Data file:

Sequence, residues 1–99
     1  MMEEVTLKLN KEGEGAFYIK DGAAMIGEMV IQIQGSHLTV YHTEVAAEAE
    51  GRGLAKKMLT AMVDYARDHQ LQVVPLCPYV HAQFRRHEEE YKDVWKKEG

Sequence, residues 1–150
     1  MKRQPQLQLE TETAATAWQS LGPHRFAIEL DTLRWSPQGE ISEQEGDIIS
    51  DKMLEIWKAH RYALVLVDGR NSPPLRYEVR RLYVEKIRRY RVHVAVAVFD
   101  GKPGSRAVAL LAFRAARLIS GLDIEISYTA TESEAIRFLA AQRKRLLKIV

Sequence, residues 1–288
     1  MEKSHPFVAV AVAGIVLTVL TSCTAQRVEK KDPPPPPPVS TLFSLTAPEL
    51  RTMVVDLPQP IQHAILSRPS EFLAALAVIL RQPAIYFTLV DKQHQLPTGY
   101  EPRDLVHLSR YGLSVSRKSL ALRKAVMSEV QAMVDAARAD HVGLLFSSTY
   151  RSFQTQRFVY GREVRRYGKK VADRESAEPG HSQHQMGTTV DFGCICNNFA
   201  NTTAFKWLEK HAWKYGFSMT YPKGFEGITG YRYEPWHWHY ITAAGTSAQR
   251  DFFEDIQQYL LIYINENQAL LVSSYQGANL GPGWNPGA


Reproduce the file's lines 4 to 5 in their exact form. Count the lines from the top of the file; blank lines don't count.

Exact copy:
Sequence, residues 1–150
     1  MKRQPQLQLE TETAATAWQS LGPHRFAIEL DTLRWSPQGE ISEQEGDIIS